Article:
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My Health Journey: November 2022

By Christopher Blakeslee

This is a post from My Health Journey, an ongoing series where I document my health progress. Follow along to see, month after month,  how I implement my recovery protocol, handle stressful situations, eliminate food sensitivities, incrementally train my nervous system to handle more stress, and ultimately, how my method continues to allow me greater and greater freedom, happiness, and health!

November has come to a close, and, unfortunately, I finally didn't have a day with pain-free time. So what finally claimed my unprecedented streak? It took a second dalliance with COVID to end it. But, despite losing the streak, it was still a month of progress. In this month's health journey update, I'll discuss the mild case of COVID I picked up while traveling for the holiday near the end of the month, my continued quest to stop reliance on sleep medication, and how I continued to bulk up and gain strength before the illness. Let's start with COVID.

The End of My Streak

The big news is that I made it to a whopping 155 days straight with pain-free time, and it took an illness like COVID to break it on the day before Thanksgiving. It took a consistent fever, sore throat, and enough body aches and a consistent headache from the illness to create a day where I hurt all day. Unfortunately, I didn't have another day with pain-free time until I finally had a breakthrough on the last day of the month. I took a break from all exercise except for gentle walking during this time, and it made my suspicion clear that weightlifting and bouldering are necessary to keep my pain away. The longer I went without exercise, the more my chronic shoulder and base of skull nerve pain increased.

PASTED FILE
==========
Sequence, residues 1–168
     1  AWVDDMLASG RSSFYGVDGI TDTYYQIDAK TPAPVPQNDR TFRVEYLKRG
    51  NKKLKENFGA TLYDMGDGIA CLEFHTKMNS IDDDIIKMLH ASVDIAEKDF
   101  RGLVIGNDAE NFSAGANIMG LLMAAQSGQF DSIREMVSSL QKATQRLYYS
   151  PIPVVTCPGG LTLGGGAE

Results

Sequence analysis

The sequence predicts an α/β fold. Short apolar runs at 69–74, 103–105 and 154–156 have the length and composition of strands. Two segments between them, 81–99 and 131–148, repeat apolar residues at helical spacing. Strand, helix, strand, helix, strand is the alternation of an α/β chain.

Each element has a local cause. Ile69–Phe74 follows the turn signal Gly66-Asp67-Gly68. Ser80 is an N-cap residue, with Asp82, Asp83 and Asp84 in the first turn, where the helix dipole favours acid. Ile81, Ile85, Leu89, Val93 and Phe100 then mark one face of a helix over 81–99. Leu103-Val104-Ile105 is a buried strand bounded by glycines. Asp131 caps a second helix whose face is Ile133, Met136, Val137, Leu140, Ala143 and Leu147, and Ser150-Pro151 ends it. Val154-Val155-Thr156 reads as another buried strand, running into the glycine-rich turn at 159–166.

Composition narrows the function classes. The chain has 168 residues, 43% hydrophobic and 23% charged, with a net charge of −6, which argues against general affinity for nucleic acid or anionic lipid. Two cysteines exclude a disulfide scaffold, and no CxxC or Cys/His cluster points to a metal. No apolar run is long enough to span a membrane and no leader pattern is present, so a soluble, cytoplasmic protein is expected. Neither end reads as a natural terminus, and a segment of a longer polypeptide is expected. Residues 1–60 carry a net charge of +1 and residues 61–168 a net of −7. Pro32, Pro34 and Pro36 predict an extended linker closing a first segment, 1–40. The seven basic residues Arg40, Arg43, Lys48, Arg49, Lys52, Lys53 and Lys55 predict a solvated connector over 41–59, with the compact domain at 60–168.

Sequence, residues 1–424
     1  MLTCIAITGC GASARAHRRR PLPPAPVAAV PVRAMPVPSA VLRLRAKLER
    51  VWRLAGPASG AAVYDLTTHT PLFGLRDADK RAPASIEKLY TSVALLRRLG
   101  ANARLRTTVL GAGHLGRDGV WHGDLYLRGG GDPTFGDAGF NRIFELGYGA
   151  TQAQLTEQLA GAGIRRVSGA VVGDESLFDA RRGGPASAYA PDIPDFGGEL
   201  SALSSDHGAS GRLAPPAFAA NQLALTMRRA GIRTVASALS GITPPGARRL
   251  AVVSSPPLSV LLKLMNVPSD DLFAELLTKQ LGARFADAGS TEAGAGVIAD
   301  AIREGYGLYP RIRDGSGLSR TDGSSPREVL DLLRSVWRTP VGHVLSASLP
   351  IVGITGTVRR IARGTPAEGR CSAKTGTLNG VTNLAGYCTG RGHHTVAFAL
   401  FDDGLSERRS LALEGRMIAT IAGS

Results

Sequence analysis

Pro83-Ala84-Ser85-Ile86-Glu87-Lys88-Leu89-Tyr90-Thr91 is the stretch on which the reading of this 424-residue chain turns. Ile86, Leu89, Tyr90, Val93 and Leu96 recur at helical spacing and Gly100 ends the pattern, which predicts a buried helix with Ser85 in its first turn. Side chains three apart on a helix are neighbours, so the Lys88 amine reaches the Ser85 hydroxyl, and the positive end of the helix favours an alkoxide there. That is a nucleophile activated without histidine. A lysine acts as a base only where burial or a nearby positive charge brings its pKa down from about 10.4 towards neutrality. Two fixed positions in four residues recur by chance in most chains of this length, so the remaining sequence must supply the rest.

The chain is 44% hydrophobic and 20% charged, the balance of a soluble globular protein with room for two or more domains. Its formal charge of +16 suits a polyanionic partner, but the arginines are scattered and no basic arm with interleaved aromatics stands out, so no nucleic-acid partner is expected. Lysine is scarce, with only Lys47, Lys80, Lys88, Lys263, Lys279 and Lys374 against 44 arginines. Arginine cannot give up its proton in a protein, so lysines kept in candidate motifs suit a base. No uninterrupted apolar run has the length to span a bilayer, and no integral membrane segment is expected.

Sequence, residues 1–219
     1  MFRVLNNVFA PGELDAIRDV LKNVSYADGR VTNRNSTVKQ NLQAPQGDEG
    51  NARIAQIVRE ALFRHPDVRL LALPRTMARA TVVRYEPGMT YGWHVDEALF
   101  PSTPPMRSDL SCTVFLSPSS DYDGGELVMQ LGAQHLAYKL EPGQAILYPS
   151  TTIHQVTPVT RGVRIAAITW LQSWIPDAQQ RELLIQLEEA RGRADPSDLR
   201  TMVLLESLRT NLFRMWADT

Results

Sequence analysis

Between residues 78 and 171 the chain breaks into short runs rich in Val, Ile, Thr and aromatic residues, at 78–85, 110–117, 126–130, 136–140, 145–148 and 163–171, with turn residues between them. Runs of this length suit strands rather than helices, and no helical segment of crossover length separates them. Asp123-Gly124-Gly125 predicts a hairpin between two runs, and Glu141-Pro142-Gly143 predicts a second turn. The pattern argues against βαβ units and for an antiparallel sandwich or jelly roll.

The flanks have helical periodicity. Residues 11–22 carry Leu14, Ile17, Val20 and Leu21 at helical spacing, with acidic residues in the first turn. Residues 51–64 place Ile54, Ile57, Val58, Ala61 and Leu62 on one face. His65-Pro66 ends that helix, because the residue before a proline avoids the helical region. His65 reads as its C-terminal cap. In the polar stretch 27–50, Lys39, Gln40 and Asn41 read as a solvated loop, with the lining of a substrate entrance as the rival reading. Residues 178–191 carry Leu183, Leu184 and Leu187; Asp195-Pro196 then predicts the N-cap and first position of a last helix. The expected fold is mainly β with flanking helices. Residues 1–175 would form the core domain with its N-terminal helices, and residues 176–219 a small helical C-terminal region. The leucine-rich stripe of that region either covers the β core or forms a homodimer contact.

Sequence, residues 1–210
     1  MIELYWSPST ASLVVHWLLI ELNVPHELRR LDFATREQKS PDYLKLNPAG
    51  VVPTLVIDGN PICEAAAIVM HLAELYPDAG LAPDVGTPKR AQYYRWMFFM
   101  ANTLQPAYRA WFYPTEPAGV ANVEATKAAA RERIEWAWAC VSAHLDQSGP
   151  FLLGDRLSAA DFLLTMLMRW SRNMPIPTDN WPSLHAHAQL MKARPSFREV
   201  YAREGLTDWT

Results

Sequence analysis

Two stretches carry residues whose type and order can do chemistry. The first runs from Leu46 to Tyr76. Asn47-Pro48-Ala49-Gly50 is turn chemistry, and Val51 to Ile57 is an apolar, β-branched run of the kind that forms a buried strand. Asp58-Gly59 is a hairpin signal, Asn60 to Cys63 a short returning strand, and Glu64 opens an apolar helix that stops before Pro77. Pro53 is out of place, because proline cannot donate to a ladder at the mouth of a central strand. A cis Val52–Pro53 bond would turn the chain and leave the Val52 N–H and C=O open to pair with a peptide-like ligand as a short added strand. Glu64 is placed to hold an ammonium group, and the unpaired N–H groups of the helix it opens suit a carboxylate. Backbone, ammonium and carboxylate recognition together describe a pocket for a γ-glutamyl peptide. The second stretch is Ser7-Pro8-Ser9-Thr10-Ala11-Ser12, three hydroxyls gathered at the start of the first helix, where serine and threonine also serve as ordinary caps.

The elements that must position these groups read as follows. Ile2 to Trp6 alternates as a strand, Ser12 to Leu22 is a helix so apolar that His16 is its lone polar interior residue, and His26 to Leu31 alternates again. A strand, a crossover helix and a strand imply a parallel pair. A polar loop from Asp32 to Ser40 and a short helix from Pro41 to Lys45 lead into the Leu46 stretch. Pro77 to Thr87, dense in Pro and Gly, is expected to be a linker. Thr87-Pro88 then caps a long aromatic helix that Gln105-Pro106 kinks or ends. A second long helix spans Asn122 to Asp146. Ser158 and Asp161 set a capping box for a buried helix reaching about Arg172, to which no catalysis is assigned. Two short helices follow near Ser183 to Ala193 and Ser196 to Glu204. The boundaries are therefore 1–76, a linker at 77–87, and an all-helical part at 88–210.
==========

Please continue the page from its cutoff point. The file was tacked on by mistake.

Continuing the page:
The loss of my unprecedented streak didn't bother me at all. Five straight months of pain-free time is an amazing run of relief after living with pain for 22 years! And if it took an illness to break the streak, that says a lot about how robust my health has become and how well I manage it. I'm essentially a normal person now!

This is the second time I've had COVID. The first was back in 2020, before I began these health updates, and it was many magnitudes worse than this illness. This time, I was fully armed with a supplement protocol. I began therapeutic dosages of Vitamins A, C, D, and E, along with zinc, n-acetyl-cysteine, quercetin, CoQ10, selenium, and propolis. I also started drinking three cups of bone broth daily, and since I was already eating a high-protein diet to bulk up, no change was needed there. I slept as much as possible, which was tricky due to body aches that increased in certain positions. My case was mild, perhaps due to how robust my health is and how quickly I intervened. 

The most interesting development of having COVID was that it showed a continued correlation between my heart rate and glucose tolerance to the amount of stress and inflammation in my body. I got some wild heart rates and glucose readings during this last week. My heart rate was over 100 while just sitting or standing around, and I was regularly getting high blood glucose readings from my Keto Mojo, even on moderate carbohydrate meals. I've also seen this happen when my pain is elevated, and it is a dead giveaway that my nervous system is in a state of hyperarousal. I commonly see the same reaction when I work out when traveling.

The worst part of the illness was the psychological side of things. I'd been looking forward to a lot of wonderful family time, and the holiday was disrupted by quarantine. There was still a lot to appreciate, though!

I still had a tasty meal, even if it wasn't surrounded by loved ones. Thanksgiving also marks the fifth anniversary of my graduation from The Lemons Center, where I got my introduction to neuroscience, which led to my return to health after decades of chronic illness. It feels like a different life from when I first emerged from that program. Even with COVID, I felt better than I did back then. And I did get some brief quality time at the end of the trip after I'd passed the benchmarks to leave quarantine, so all was not lost. I'll see them again in a few weeks, at least. 

Sleep Progress